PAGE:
Colorectal surgeries (CRS) have one of the highest rates of surgical site infections (SSIs) with rates 15 to >30%. Prevention "bundles" or sets of evidence-based interventions are structured ways to improve patient outcomes. The aim sof this study is to evaluate CRS SSI prevention bundles, bundle components, and implementation and compliance strategies.
A meta-analysis of studies with pre- and post-implementation data was conducted to assess the impact of bundles on SSI rates (superficial, deep, and organ/space). Subgroup analysis of bundle components identified optimal bundle designs.
Thirty-five studies (51,413 patients) were identified and 23 (17,557 patients) were included in the meta-analysis. A SSI risk reduction of 40% (p < 0.001) was noted with 44% for superficial SSI (p < 0.001) and 34% for organ/space (p = 0.048). Bundles with sterile closure trays (58.6 vs 33.1%), MBP with oral antibiotics (55.4 vs 31.8%), and pre-closure glove changes (56.9 vs 28.5%) had significantly greater SSI risk reduction.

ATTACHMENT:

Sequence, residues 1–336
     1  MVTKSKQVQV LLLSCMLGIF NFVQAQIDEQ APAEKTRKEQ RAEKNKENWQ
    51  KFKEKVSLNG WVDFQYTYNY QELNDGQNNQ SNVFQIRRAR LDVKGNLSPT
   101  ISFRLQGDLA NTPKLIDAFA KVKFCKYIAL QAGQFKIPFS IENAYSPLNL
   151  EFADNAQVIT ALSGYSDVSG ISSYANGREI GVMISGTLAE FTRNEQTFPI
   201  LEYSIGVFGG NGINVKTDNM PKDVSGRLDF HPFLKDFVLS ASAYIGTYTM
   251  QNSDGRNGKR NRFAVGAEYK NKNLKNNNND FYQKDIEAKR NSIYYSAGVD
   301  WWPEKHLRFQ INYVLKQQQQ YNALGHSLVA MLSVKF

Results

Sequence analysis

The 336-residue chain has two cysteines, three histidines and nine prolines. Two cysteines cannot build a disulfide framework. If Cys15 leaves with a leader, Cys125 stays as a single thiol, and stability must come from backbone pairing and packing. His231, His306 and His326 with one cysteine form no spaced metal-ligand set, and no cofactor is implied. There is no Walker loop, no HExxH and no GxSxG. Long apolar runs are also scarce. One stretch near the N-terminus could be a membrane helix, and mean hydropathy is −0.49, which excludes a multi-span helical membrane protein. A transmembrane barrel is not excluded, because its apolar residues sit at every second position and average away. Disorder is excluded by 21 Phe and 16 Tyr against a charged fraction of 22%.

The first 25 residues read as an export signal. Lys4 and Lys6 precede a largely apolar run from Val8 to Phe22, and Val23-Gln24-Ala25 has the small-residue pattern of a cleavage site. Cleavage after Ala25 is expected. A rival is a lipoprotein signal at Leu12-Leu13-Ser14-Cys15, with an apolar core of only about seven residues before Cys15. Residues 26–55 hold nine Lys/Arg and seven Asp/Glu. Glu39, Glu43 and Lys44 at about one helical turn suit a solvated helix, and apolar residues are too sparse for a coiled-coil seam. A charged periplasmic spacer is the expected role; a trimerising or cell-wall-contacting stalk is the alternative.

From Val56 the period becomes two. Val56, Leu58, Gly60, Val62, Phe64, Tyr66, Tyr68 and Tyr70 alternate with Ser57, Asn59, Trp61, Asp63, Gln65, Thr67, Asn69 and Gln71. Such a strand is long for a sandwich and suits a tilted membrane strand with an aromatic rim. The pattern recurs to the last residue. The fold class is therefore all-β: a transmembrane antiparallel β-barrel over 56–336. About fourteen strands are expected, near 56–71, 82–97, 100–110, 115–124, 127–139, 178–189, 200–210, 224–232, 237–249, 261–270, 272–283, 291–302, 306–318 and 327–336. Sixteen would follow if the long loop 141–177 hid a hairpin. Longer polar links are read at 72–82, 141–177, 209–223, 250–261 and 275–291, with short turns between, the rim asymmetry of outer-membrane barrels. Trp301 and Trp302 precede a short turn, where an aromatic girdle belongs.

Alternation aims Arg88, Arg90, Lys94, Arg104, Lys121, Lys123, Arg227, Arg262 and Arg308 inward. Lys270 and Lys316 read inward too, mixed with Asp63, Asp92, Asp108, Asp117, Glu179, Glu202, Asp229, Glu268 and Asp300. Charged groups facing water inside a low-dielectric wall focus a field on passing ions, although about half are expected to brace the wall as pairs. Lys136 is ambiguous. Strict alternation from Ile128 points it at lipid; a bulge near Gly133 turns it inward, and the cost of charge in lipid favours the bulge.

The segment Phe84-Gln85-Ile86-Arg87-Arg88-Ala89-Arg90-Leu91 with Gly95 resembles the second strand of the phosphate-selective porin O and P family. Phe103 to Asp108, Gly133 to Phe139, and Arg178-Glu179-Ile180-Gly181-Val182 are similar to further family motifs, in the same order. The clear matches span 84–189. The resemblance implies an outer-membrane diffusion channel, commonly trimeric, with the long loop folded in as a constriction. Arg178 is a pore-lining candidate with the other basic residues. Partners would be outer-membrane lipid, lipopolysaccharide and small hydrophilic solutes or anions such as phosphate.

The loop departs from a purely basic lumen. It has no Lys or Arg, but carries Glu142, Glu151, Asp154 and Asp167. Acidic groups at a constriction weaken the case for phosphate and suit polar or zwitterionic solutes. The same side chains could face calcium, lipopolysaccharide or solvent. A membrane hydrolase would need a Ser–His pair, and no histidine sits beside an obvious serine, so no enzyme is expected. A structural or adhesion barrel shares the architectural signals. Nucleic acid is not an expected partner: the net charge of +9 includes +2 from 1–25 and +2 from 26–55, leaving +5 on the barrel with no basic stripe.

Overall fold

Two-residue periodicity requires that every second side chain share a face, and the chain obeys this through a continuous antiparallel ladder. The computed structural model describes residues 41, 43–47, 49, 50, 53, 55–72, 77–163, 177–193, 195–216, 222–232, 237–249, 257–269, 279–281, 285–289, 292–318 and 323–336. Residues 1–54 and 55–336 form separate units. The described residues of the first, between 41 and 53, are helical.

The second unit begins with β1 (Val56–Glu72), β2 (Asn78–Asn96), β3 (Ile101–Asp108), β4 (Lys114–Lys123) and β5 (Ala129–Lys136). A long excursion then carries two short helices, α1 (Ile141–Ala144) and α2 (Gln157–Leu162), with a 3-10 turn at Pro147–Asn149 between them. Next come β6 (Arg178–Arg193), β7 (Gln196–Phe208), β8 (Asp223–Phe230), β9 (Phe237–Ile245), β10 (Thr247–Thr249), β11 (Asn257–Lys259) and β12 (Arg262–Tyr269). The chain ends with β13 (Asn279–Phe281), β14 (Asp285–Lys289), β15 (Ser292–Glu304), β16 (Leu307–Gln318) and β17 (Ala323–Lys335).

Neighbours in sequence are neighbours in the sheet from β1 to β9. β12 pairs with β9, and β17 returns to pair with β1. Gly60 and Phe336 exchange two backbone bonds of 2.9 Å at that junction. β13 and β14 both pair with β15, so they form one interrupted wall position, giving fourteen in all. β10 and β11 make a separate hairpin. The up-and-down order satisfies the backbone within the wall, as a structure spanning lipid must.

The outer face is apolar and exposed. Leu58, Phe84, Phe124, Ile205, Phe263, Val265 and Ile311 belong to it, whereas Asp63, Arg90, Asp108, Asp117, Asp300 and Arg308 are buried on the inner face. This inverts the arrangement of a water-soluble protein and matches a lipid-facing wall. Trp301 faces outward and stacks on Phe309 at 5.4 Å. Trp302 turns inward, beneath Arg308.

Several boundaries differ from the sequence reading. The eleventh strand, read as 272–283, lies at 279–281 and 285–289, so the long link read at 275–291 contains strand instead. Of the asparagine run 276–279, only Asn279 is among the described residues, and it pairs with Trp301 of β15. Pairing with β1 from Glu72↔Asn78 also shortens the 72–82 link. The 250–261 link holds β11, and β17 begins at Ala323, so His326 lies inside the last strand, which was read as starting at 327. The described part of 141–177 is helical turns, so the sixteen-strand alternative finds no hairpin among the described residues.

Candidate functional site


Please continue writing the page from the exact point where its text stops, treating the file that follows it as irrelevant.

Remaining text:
Bundles can effectively reduce the risk of SSIs after CRS, by fostering a cohesive environment, standardization, and reduction in operative variance. If implemented successfully and complied with, bundles can become vital to improving patients' surgical quality of care.